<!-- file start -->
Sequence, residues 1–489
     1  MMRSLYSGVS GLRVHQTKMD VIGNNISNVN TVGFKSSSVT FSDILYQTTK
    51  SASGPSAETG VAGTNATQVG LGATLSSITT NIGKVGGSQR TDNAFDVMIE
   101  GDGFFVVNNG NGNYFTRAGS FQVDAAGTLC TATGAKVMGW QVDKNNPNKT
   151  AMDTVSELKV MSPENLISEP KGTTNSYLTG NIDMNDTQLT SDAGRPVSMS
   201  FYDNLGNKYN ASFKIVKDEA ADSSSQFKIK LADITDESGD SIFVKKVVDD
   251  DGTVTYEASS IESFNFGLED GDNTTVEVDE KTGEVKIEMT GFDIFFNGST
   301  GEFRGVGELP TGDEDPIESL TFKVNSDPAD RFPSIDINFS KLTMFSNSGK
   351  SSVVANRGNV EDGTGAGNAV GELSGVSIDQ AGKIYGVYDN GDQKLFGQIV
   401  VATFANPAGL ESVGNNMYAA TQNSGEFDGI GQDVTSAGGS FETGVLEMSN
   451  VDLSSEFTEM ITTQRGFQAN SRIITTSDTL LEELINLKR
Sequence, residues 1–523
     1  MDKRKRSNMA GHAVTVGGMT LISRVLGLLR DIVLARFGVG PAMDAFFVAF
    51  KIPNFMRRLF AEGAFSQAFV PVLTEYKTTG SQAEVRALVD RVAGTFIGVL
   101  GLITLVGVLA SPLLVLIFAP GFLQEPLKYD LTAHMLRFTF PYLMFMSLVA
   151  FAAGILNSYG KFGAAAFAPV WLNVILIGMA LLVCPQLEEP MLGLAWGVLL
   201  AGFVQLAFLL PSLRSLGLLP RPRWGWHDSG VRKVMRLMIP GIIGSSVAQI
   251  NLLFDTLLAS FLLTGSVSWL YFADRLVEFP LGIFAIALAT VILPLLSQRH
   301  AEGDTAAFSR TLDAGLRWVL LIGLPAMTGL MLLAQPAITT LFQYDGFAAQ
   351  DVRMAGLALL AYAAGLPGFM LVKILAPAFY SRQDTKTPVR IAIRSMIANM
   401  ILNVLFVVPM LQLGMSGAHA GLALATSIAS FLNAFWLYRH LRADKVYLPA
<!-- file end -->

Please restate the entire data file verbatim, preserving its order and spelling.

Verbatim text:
Sequence, residues 1–489
     1  MMRSLYSGVS GLRVHQTKMD VIGNNISNVN TVGFKSSSVT FSDILYQTTK
    51  SASGPSAETG VAGTNATQVG LGATLSSITT NIGKVGGSQR TDNAFDVMIE
   101  GDGFFVVNNG NGNYFTRAGS FQVDAAGTLC TATGAKVMGW QVDKNNPNKT
   151  AMDTVSELKV MSPENLISEP KGTTNSYLTG NIDMNDTQLT SDAGRPVSMS
   201  FYDNLGNKYN ASFKIVKDEA ADSSSQFKIK LADITDESGD SIFVKKVVDD
   251  DGTVTYEASS IESFNFGLED GDNTTVEVDE KTGEVKIEMT GFDIFFNGST
   301  GEFRGVGELP TGDEDPIESL TFKVNSDPAD RFPSIDINFS KLTMFSNSGK
   351  SSVVANRGNV EDGTGAGNAV GELSGVSIDQ AGKIYGVYDN GDQKLFGQIV
   401  VATFANPAGL ESVGNNMYAA TQNSGEFDGI GQDVTSAGGS FETGVLEMSN
   451  VDLSSEFTEM ITTQRGFQAN SRIITTSDTL LEELINLKR
Sequence, residues 1–523
     1  MDKRKRSNMA GHAVTVGGMT LISRVLGLLR DIVLARFGVG PAMDAFFVAF
    51  KIPNFMRRLF AEGAFSQAFV PVLTEYKTTG SQAEVRALVD RVAGTFIGVL
   101  GLITLVGVLA SPLLVLIFAP GFLQEPLKYD LTAHMLRFTF PYLMFMSLVA
   151  FAAGILNSYG KFGAAAFAPV WLNVILIGMA LLVCPQLEEP MLGLAWGVLL
   201  AGFVQLAFLL PSLRSLGLLP RPRWGWHDSG VRKVMRLMIP GIIGSSVAQI
   251  NLLFDTLLAS FLLTGSVSWL YFADRLVEFP LGIFAIALAT VILPLLSQRH
   301  AEGDTAAFSR TLDAGLRWVL LIGLPAMTGL MLLAQPAITT LFQYDGFAAQ
   351  DVRMAGLALL AYAAGLPGFM LVKILAPAFY SRQDTKTPVR IAIRSMIANM
   401  ILNVLFVVPM LQLGMSGAHA GLALATSIAS FLNAFWLYRH LRADKVYLPA